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Making an Argument Against Using Visual-Basic? 690

ethan_clark asks: "I work for a small company (< 10 employees) as a software engineer. The company got its start with a software product written by the owner in VisualBasic. He hired me to assist in rewriting the software – only catch is, he's stuck on having it re-written in VisualBasic. This scares me, but I honestly can't make a good argument against VB because I'm not familiar enough with it. So my question is twofold: I am looking for some confirmation to my suspicion that VB isn't the greatest language for large projects; and If VB isn't good, arguments against using it. If it is good, what arguments would you use to argue for it (for my sake)?" If you are going to argue against a language, it is best if you do so after you become familiar with it so that you can argue fairly on its merits and deficiencies. VisualBasic, like just about every other language, has its place. For the sake of discussion however, what tasks would VisualBasic not be suited for?
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Making an Argument Against Using Visual-Basic?

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  • by MurrayTodd ( 92102 ) * on Wednesday May 31, 2006 @11:22PM (#15441593) Homepage
    Forgive my overall ignorance--I'm a Mac and Linux and Java person, although I've written a bit of VB in a job years ago--but does anyone know if moving to VB.Net allows a phased-in approach to introducing at least some C# programming down the road?

    Do the .Net languages allow a decent functional "Mix 'n Match" capability? If so, I'd make sure the VB rewrite was in VB.Net (or are there VB.Net idiosyncrasies that would justify sticking with the old VB6?) and then I'd learn C# really well. At some point in the project some component might fall under the "this will really suck under VB, and we can tackle it much better by writing this piece in C#" which will let you get a toe-hold on the idea of using a better language.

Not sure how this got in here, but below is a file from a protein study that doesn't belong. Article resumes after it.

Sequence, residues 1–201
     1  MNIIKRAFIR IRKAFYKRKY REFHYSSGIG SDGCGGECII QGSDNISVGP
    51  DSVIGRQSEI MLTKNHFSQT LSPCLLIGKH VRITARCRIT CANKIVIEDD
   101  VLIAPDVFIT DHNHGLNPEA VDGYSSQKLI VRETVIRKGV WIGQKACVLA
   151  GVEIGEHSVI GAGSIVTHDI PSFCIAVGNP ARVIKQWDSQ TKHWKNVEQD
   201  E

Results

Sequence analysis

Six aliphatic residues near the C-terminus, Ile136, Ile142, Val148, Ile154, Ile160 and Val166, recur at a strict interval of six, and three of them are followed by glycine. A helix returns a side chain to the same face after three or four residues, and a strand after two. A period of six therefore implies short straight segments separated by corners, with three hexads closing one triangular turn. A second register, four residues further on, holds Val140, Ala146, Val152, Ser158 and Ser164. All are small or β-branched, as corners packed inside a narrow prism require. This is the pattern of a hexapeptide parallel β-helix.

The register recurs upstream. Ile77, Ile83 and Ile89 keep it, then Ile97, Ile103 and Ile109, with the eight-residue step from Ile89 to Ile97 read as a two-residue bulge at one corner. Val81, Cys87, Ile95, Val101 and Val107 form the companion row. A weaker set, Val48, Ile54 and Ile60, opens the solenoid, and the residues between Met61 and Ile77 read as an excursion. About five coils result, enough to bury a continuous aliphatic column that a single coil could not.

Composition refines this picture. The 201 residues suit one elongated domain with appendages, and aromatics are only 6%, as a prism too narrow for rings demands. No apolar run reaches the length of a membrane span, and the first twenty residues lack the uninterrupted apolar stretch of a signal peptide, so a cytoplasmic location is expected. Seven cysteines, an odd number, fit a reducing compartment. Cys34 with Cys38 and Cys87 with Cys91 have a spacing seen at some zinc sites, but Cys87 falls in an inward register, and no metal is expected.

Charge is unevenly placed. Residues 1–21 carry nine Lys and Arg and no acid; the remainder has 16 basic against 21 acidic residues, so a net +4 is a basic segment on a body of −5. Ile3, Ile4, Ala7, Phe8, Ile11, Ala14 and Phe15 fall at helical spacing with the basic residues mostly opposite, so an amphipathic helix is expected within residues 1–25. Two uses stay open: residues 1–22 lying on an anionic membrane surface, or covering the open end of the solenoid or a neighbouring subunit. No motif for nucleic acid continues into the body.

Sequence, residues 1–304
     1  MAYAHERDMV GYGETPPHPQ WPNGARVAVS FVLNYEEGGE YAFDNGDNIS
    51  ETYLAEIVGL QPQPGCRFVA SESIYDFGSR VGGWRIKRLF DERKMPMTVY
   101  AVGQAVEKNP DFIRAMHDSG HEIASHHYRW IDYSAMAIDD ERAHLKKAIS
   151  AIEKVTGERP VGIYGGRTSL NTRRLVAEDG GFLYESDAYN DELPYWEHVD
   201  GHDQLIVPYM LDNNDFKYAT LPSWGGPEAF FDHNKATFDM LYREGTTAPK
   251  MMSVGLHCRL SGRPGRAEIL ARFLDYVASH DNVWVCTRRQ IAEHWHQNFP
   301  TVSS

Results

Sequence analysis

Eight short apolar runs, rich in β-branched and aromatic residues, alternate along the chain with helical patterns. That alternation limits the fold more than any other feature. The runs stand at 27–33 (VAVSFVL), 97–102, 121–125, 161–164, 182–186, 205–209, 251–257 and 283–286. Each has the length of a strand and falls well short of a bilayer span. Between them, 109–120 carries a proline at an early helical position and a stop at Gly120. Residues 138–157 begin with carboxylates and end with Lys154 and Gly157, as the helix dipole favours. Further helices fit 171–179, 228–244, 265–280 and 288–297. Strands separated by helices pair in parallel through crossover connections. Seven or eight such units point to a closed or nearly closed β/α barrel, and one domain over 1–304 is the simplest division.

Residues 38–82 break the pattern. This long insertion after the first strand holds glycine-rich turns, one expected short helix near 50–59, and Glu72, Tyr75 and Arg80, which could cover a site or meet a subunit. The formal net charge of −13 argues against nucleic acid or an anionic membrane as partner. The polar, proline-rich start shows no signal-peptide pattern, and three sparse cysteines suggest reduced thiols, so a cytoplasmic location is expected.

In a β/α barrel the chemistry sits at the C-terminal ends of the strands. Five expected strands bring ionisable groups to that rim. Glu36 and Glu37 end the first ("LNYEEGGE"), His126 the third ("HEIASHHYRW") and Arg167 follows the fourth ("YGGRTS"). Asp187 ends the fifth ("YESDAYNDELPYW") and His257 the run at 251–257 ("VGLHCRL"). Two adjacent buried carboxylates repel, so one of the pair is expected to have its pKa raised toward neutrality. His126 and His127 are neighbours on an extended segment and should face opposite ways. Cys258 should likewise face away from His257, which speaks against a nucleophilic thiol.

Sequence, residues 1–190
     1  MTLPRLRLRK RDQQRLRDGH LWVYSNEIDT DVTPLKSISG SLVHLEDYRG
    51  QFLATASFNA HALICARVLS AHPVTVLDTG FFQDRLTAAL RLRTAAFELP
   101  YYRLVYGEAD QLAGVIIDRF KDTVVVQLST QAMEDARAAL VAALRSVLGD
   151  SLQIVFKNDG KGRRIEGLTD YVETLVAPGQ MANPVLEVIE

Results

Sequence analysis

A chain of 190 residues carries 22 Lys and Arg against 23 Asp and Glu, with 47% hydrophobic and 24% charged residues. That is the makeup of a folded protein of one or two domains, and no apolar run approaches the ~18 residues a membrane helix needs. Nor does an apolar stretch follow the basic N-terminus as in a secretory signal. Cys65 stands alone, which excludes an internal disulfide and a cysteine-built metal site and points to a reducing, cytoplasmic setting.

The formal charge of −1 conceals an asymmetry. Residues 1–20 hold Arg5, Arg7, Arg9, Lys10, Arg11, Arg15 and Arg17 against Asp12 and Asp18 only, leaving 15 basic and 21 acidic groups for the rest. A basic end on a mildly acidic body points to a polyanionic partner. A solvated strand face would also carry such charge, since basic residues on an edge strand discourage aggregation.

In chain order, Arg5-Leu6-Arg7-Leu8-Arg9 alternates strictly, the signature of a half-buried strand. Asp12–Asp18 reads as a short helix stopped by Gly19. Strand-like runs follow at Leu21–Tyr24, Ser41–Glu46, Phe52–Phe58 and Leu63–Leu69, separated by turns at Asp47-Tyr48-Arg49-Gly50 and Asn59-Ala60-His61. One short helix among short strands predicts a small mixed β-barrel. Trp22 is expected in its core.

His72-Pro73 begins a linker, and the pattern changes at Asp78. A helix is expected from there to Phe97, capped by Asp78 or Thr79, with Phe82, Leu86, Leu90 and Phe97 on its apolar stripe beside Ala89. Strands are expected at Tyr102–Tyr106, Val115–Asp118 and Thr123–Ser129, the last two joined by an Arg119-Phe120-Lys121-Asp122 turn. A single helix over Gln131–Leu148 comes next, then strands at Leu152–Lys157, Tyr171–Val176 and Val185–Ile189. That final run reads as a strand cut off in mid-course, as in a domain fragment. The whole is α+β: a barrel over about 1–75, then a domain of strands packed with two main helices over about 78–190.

That's the way I helped a Fortune 500 company start adopting Linux back in 1998... the friendly and subversive way!

    As for the tasks VB are not suited for (again, I only know VB6, not VB.Net) the biggest glaring omission in my experience was the lack of decent Regular Expressions, or Hash Tables / "Dictionaries"--unless you link to the VBScript/IE6 library like everyone used to. On the other hand, there are IMOHO problems with languages like Perl that make them bad for a number of solutions, but that hasn't stopped nutty fanatics from treating them like "golden hammers".

    While I'm writing disclaimers, there are a number of commercial applications out there written entirely in VB. In all cases I've observed, they "evolved" out of a simple and useful app and fell into being examples of the most counter-intuitive user interfaces and over all "kludginess".
  • by blincoln ( 592401 ) on Wednesday May 31, 2006 @11:22PM (#15441594) Homepage Journal
    VB = 6 is unadulterated crap. VB.NET isn't half bad, although I much prefer C#.
  • by plover ( 150551 ) * on Wednesday May 31, 2006 @11:27PM (#15441617) Homepage Journal
    A fair argument against VB6 is that it's at end-of-life. Microsoft has dropped support. You find a bug in it and it's all yours. But honestly, there just aren't that many bugs left in VB6 that aren't already known.

    There's a different point of view you need to seriously consider: who's signing your paycheck? It's not Microsoft, is it? I thought not.

    Consider meeting your boss in the middle. It's possible your boss is set on VB6 because he can read it fluently. Perhaps you could convince him to port it to VB.net. VB.net might not be so different that it would scare him. The GUI isn't all that different. And the .net framework would allow you to gradually expose him to other languages (C# or C++/CLI.) And it would allow you the opportunity to use a language with better libraries than VB6.

    Have you dug a bit to find out why he's so pro-VB6? Maybe he's biased against .net because it's an interpreted language (like Java)? Perhaps half of his client base is all still running Windows 95 on 90 MHz pentiums, and .net is not an option for them. Maybe he'd be OK with C or C++ compiled to native executables, as long as there are no .net requirements. Microsoft's latest version of C/C++ has a strong push towards safer coding with bounds-checked versions of all the standard library functions. That might be good enough for him.

    Or maybe he just has only two or three long-term clients that are stuck on Windows 3.1, but they've been with him for 25 years so he feels he has to support them into the far future. Consider buying them a few cheapo PCs to run your software: $400 each for a few bottom-feeder Dells would go a long way with customer goodwill, and would allow the rest of you to move into the 21st century of tools. And a $1200 hardware investment is much less money than your time spent struggling with old tools.